Marissa Mayer is sitting in URLs, the Yahoo! (YHOO) cafeteria, making the case for the future of a company that almost everyone in Silicon Valley views as doomed. Employees swarm around her, assembling rows of chairs for the afternoon’s FYI, a new weekly ritual where employees get to lob questions at Mayer and her executive team. It’s been a long July, in which Mayer’s one-year anniversary as chief executive officer was marked with an uninspiring second-quarter earnings report. Mayer prefers to focus on the company’s increase in Web traffic. She won’t give numbers but says it’s enough to erase the entire decline from the previous year. “Name another Internet giant that went through three years of decline and then started to grow again,” she says. “It’s a very good sign.”
When Mayer left her executive role at Google (GOOG), she knew she was taking on what might be the hardest job in the Valley. Yahoo has had a lost decade, laboring under a series of failed product strategies and CEOs. It was a Web directory under founders Jerry Yang and David Filo, then a Web portal under Tim Koogle. Terry Semel made it a tech company with Hollywood pretensions, and, most recently, it languished under Carol Bartz and Scott Thompson as a dot-com relic known mostly for losing its top talent to competitors.
Now Mayer wants to transform it into a media company for the mobile age. She’s refocusing her 11,500-employee company on the kind of personalized, habit-forming content that people view on tablets and phones. That means new kinds of e-mail, messaging, and news applications, tailored to the location-aware and always-on nature of the mobile experience. “I hope that at some point we are looking at a world where mobile is a majority of our revenue,” she says.
Since Mayer took over, Yahoo stock is up 75 percent, though the rise mostly reflects the increasing value of the company’s ownership position in the Internet giant Alibaba, which dominates China’s e-commerce market. She’s cut away ribbons of red tape and instituted an internal online service called PB&J, for process, bureaucracy, and jams, that allows employees to complain about organizational snafus. Under her watch, Yahoo has released new Yahoo Mail and Yahoo Weather apps that have impressed users and critics. The company reports that attrition, including employees who’ve landed better jobs elsewhere, fell by 59 percent in the second quarter. “Marissa has done two things at Yahoo,” says Ben Ling, a partner at venture capital firm Khosla Ventures and a former Google colleague. “She has made it an attractive place for top talent to work, and she has begun to release products that engage consumers on a daily basis.”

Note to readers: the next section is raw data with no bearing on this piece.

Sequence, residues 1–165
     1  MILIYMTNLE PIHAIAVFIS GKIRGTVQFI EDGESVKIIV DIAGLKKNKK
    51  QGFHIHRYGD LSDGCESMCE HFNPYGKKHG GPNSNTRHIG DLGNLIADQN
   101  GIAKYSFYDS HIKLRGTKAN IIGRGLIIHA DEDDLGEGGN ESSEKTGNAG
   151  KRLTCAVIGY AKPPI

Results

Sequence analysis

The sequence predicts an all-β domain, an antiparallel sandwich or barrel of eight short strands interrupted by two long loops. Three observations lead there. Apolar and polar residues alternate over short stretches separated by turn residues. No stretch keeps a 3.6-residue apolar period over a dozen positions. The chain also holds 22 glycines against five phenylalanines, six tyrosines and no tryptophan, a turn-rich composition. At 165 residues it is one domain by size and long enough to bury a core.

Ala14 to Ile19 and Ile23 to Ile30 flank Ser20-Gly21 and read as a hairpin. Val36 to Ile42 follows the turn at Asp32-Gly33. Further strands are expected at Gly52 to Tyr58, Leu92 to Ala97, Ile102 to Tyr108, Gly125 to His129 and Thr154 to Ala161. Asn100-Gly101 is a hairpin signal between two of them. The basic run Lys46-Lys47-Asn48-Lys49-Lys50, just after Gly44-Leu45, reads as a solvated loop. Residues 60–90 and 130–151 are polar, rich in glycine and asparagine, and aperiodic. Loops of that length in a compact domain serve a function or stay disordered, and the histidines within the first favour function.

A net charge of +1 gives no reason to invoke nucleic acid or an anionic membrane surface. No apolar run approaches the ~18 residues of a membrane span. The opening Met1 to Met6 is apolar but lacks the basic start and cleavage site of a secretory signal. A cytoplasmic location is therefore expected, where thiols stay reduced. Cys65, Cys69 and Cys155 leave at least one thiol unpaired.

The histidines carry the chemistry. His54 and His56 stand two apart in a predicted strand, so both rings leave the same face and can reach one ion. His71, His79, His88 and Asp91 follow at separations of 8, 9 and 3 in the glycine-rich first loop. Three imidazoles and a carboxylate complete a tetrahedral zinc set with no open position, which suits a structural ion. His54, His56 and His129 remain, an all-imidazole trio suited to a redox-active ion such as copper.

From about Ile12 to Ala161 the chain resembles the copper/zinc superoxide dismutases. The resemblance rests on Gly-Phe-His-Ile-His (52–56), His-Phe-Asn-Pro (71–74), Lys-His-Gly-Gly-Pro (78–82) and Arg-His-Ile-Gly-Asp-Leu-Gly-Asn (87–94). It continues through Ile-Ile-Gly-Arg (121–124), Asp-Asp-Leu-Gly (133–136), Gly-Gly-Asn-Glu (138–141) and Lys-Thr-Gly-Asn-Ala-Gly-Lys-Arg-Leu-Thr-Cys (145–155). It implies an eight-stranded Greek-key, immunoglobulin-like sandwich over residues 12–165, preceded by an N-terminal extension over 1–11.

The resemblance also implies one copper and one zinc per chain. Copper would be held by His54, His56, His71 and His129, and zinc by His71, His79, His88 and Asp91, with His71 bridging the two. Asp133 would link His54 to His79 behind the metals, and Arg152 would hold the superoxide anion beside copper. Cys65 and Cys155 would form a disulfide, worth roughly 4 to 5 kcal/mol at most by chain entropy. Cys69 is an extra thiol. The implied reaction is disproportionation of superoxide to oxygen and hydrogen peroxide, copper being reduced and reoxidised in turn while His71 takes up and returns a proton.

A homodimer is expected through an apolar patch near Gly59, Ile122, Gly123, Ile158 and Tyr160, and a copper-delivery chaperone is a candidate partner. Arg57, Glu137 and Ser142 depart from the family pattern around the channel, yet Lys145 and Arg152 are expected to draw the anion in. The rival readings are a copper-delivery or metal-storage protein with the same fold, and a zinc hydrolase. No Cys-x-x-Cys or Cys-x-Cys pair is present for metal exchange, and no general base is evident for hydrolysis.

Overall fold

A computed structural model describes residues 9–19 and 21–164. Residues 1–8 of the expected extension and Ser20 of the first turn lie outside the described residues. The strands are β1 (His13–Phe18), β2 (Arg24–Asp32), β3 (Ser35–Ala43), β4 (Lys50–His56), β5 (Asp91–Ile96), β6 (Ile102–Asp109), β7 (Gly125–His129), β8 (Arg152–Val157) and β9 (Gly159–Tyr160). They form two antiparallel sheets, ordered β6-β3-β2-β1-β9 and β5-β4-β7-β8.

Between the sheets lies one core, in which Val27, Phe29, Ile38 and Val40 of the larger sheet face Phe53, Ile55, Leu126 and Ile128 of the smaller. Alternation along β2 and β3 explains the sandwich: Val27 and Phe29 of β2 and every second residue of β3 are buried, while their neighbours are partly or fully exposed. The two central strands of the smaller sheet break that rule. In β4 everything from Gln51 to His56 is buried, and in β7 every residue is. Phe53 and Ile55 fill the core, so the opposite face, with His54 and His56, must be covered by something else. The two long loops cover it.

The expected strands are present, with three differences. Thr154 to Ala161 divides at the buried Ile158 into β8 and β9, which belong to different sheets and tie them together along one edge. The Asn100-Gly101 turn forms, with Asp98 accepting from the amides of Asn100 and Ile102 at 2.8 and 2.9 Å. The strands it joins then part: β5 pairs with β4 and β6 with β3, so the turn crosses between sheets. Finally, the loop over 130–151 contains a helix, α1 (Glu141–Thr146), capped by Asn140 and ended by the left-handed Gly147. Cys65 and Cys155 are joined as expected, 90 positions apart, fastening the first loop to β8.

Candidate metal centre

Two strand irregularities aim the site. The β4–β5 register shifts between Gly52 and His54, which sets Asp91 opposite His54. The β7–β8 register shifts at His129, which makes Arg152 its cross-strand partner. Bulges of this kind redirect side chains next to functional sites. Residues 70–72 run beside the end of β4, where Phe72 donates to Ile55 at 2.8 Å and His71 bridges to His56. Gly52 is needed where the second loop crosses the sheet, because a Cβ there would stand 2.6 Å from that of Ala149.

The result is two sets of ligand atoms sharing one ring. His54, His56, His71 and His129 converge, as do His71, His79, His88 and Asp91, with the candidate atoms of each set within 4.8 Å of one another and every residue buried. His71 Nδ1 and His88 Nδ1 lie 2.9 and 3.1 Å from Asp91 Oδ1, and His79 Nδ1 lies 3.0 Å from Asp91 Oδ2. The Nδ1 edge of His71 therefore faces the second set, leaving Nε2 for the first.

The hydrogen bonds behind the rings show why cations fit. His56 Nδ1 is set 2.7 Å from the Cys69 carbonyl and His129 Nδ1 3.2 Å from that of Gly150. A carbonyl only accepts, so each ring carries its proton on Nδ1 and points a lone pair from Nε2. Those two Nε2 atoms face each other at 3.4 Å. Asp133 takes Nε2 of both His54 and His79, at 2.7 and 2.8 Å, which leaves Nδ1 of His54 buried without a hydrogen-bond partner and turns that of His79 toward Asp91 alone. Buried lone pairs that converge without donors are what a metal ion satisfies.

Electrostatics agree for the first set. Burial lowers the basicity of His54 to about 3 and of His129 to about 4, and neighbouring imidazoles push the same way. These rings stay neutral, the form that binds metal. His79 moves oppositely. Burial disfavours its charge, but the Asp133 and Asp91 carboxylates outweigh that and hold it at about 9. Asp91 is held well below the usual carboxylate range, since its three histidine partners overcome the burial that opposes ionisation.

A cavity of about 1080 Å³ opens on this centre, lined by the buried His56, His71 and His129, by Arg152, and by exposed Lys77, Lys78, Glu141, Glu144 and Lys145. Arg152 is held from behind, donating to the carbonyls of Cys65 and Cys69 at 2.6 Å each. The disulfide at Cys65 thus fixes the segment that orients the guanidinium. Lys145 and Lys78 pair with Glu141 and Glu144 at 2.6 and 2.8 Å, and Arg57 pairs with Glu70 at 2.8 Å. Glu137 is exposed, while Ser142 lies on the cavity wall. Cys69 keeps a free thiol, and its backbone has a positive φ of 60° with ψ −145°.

At 38, Mayer is young for a CEO, but she’s been a Silicon Valley icon for more than a decade. As Google’s first female engineer, she was renowned for her work ethic and public ease with her initial public offering riches. She invested in a cupcake store, became active in San Francisco philanthropy circles, and once paid $60,000 at a charity auction for lunch with Oscar de la Renta, her favorite designer. Lest anyone think her too profligate or fabulous, there’s her laugh—a honking sound so nerdishly distinctive that a compilation video of it has more than 500,000 YouTube views.
This balance of charisma and credibility has been crucial to Yahoo’s effort to revive its depleted ranks of researchers and engineers, especially for developing mobile technology. There have been some stumbles, though. Her comments about the ease of parenting a newborn outraged a lot of working mothers (Mayer has a 10-month-old son), and she unintentionally started a national debate by ordering all of Yahoo’s work-from-home employees back into the office. Last month the company handed Third Point, the hedge fund controlled by activist investor Dan Loeb, a $655 million profit by promising to buy back 40 million of its shares as Loeb and two others resigned from the Yahoo board. Critics chastised Mayer for paying full price for such a large block of shares to someone who was instrumental in her hiring. Yahoo spokeswoman DJ Anderson says the company already had a repurchase plan in place. “Our price was based on market closing, and Yahoo did not pay a premium,” she says.
Shareholders are still waiting for the change that really matters: revenue growth in search and display advertising. In the second quarter, Yahoo’s revenue dropped 7 percent from the year before. Meanwhile, Facebook (FB) and Twitter are taking ever larger chunks of everyone’s time; Netflix (NFLX), Hulu, and Amazon.com’s (AMZN) Prime Instant Video service have become online TV networks; and Facebook and Google are carving up the display advertising business. Internet users no longer consume big meals of news and entertainment at a single Web portal—Yahoo’s previous raison d’être. Now they snack on morsels of information from all corners of the Web.
Yahoo executives may have stopped being in denial, but publicly at least, they don’t own up to the long odds. Kathy Savitt, a former Amazon exec and Mayer’s marketing chief, won’t even call her mission a turnaround. “We call it a renaissance,” she says, “because Yahoo is still one of the largest brands in the world.” To Mayer, the emergence of smartphones resets the game in Yahoo’s favor. “What people want on their phones is content. It’s just another way of delivering the Web,” she says. “I’m an optimist. I think all leaders are.”